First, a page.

Spectral Colours on Screen
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Spectral Colours on Screen
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About the diagram
Some key terms
- To be clear about the RGB colour model it is useful to remember first that:
- The visible spectrum is the range of wavelengths of the electromagnetic spectrum that correspond with all the different colours we see in the world.
- A spectral colour is a colour corresponding with a single wavelength of visible light, or with a narrow band of adjacent wavelengths.
- The human eye, and so human perception, is tuned to the visible spectrum and so to spectral colours between red and violet. However, because of the way the eye works, we can see many other colours which are produced by mixing colours from different areas of the spectrum. A particularly useful range of colours is produced by mixing red, green and blue light.
- RGB colour is an entirely different approach to producing and managing colour.
- RGB colour is an additive colour model in which red, green and blue light is combined in various proportions to reproduce a wide range of other colours. The name of the model comes from the initials of the three additive primary colours, red, green, and blue.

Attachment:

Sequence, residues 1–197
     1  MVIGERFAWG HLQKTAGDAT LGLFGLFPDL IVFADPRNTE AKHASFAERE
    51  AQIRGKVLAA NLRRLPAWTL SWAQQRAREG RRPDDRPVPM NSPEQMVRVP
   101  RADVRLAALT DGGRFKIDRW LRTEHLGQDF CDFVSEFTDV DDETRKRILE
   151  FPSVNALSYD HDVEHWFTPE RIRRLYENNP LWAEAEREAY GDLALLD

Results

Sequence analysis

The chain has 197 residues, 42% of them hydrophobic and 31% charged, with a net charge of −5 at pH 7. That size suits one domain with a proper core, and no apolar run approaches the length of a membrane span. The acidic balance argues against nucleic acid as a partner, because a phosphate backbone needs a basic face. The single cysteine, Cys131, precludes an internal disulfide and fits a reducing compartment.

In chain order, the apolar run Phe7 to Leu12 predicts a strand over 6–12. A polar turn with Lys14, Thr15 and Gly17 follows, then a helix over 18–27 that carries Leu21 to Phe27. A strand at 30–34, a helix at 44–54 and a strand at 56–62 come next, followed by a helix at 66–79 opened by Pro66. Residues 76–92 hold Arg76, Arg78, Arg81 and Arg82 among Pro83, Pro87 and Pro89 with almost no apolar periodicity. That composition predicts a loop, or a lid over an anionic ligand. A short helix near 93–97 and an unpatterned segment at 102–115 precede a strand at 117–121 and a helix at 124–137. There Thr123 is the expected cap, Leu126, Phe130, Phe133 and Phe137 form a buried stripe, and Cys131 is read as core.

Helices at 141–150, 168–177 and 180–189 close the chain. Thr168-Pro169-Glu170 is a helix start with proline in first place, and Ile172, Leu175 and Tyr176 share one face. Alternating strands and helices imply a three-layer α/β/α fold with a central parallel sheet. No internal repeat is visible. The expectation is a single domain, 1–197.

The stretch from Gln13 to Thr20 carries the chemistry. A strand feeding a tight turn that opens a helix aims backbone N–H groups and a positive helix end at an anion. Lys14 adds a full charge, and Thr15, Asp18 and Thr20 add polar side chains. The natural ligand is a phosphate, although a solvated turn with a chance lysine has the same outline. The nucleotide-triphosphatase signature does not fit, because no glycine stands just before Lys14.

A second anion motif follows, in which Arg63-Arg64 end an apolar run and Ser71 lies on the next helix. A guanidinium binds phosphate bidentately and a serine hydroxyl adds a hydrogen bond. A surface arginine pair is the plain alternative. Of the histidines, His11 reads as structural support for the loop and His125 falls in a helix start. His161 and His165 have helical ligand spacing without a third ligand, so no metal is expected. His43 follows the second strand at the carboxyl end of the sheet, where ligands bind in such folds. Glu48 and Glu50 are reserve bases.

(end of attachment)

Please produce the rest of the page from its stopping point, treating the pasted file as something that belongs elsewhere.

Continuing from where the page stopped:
- Except for the three primary colours, RGB colours are not spectral colours because they are produced by combining colours from different areas of the visible spectrum.
- RGB colour provides the basis for a wide range of technologies used to reproduce digital colour.
- RGB colour provides the basis for reproducing colour in ways that are well aligned with human perception.
- When an observer has separate controls allowing them to adjust the intensity of overlapping red, green and blue coloured lights they are able to create a match for a very extensive range of colours.
- When looking at any modern display device such as a computer screen, mobile phone or projector we are looking at RGB colour.
- Magenta is an RGB colour for which there is no equivalent spectral colour.
A colour model is the how-to part of colour theory. Together they establish terms and definitions, rules or conventions and a system of notation for encoding colours and their relationships with one another.
A colour model is a way of:
- Making sense of the colours we see around us in the world.
- Understanding the relationship of colours to one another.
- Understanding how to mix each type of coloured media to produce predictable results.
- Specifying colours using names, codes, notation, equations etc.
- Organising and using colours for different purposes.
- Using colours in predictable and repeatable ways.
- Working out systems and rules for mixing and using different types of colour.
- Creating colour palettes, gamuts and colour guides.
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